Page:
21.08.2009 - 25.08.2009 35 °C
When crossing the land border from Cambodia, there is no public transport whatsoever on the Laos side, so I arrived in Nakasang, the next village on the back of a scooter. On the Mekong there are the famous 4000 islands, or Si Phan Don. I saw some tourists going over and decided I would stay on the river bank. I found the one Guest House in Nakasang and went on a stroll along the riverbank to ask for boats that would go upstream (I had not completely given up on the idea yet). There were no boats, but I got invited by some locals to drink beer with them. Beerlao for the Laotians is the equivalent of the Angkor Wat for the Cambodians or the King for the Thai. They're tremendously proud of it, and in all fairness it's really good. During the 70's some Czechoslovakian brewers came to Viet-Nam in the scope of an inter-communist exchange program, and from there the know-how has spread to neighboring communist countries. Anyway, we spent a long time drinking, singing karaoke and dancing, when shortly before sunset the matriarch of the house kicked me out. While walking back I realized that there was nearly nobody left outside. Everybody was home and it was not even 7pm yet! With a lot of difficulty I managed to find some soup in the market so as not to go to sleep hungry. The guy who sold me the soup joined me and we drank a lot of Laolao, some kind of local rice-liquor. All in all a weird but funny evening.
Don Sout, one of the many islands on the Mekong in Si Phan Don.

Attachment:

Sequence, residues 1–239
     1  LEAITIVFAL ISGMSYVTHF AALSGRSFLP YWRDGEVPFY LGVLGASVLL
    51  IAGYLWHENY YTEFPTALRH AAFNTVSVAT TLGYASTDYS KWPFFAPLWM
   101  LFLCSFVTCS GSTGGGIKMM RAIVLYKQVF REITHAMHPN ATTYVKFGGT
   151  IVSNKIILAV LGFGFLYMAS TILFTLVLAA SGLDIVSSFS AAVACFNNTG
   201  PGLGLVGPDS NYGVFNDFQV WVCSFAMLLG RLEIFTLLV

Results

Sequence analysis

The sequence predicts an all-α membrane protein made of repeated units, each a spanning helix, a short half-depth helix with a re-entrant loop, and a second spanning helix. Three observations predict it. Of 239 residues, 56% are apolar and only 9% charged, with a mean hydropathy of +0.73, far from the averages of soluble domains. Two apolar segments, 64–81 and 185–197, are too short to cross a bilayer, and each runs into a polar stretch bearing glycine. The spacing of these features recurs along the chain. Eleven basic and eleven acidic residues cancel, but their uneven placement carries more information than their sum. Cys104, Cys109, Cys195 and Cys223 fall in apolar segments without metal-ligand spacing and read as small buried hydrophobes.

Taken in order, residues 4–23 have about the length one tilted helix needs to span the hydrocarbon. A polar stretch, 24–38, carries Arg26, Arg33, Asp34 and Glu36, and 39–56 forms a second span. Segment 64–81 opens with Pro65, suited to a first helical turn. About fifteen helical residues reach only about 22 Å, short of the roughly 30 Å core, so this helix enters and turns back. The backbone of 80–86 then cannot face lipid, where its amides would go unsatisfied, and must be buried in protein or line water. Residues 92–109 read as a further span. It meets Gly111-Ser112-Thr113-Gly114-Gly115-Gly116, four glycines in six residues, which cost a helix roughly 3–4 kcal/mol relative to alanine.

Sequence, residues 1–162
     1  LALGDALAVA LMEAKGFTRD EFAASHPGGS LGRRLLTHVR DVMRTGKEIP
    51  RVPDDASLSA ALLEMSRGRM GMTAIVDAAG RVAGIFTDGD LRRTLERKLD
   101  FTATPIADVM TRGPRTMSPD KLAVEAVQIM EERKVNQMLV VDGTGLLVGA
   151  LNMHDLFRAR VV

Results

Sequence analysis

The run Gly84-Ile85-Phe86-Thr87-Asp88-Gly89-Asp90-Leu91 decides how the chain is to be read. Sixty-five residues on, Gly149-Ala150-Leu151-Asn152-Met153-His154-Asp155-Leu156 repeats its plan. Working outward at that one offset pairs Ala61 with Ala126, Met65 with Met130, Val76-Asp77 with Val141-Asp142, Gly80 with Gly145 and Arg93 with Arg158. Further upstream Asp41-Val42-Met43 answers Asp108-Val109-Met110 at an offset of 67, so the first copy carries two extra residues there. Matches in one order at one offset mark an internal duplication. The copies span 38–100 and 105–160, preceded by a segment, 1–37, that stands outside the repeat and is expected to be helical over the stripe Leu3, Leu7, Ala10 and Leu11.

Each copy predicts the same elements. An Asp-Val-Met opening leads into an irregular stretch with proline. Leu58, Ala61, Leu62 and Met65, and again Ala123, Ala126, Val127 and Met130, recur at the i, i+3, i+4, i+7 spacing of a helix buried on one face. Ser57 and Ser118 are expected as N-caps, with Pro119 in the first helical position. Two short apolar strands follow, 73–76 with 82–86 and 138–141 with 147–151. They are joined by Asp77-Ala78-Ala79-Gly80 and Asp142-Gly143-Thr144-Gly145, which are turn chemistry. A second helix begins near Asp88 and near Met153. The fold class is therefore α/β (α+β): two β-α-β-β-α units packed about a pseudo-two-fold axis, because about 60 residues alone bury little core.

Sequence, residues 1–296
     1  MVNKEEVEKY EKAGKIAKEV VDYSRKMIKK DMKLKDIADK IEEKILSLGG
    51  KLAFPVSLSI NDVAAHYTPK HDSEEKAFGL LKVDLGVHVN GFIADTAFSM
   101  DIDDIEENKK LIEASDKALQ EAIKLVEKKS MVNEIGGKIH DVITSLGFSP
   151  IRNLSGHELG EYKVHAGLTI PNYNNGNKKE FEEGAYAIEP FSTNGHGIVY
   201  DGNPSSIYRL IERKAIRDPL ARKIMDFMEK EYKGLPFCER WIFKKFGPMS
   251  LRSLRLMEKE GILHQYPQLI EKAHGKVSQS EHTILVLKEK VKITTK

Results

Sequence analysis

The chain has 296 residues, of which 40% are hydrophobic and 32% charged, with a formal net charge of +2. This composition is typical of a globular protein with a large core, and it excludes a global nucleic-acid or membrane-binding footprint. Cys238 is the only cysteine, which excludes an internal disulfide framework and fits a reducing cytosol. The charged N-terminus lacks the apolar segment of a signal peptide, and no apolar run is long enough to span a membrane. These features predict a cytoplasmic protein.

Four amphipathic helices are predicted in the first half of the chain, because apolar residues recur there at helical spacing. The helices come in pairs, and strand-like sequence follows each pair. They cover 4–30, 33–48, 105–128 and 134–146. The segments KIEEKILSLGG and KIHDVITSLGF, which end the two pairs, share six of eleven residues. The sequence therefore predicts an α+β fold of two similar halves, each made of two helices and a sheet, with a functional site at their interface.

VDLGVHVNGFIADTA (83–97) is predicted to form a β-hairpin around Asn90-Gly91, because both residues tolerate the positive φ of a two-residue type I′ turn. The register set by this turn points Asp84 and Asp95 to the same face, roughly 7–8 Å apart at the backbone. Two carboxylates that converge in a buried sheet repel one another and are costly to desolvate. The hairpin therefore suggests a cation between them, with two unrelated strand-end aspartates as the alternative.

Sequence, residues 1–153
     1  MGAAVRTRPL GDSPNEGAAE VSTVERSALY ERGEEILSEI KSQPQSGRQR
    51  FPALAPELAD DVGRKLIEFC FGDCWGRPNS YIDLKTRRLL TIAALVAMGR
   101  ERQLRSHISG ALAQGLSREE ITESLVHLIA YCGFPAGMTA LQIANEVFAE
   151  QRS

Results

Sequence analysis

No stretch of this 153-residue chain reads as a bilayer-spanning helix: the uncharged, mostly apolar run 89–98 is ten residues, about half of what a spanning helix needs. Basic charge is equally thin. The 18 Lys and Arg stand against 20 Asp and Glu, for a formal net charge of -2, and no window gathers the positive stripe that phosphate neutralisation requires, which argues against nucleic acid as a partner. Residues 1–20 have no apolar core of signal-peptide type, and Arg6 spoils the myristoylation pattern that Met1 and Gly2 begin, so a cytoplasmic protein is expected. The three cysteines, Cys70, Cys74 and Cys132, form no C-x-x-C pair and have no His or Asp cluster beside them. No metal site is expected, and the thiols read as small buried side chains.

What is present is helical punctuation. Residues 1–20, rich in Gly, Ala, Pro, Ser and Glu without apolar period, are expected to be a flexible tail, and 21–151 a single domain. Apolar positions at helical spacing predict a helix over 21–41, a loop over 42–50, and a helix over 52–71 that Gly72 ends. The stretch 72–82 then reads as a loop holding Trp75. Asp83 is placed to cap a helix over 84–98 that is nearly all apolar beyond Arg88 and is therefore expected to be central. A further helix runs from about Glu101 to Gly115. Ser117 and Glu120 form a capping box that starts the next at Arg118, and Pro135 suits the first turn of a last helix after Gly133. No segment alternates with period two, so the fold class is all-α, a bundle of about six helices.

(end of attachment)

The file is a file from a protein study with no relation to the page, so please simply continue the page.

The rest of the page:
The next morning I discovered there are boats that go upstream, but these are boats specifically for tourists with rows of seats and not much else in term of space. This is not my idea of a good time, so I decided to hitch-hike north instead. A guy on a scooter deposited me on the big road that runs north along the Mekong and that is responsible for the disappearance of all the little boats on the Mekong.
A laotian family picked me up and drove me to Pakse, the small city where I stayed one night. They were transporting fish on the back of their pick-up, and despite my careful placing of my backpack, it smelled of fish for 3 days afterwards.
Pakse, a typical South Laos town. One big road in the middle and not much else.
From Pakse I took the bus to Ka Taek. I liked this small wild market where the bus stopped for a while. They were selling grilled crickets, squirrel and other small rodents.
From Ka Taek I hitch-hiked to Vientiane. I was picked up by an American Laotian who was back in the country after 30 years to help build an English school. Good guy.
These are views of the Mekong between Ka Taek and Vientiane.
We made a stop at this temple for a quick prayer and donation (both done mostly by him...)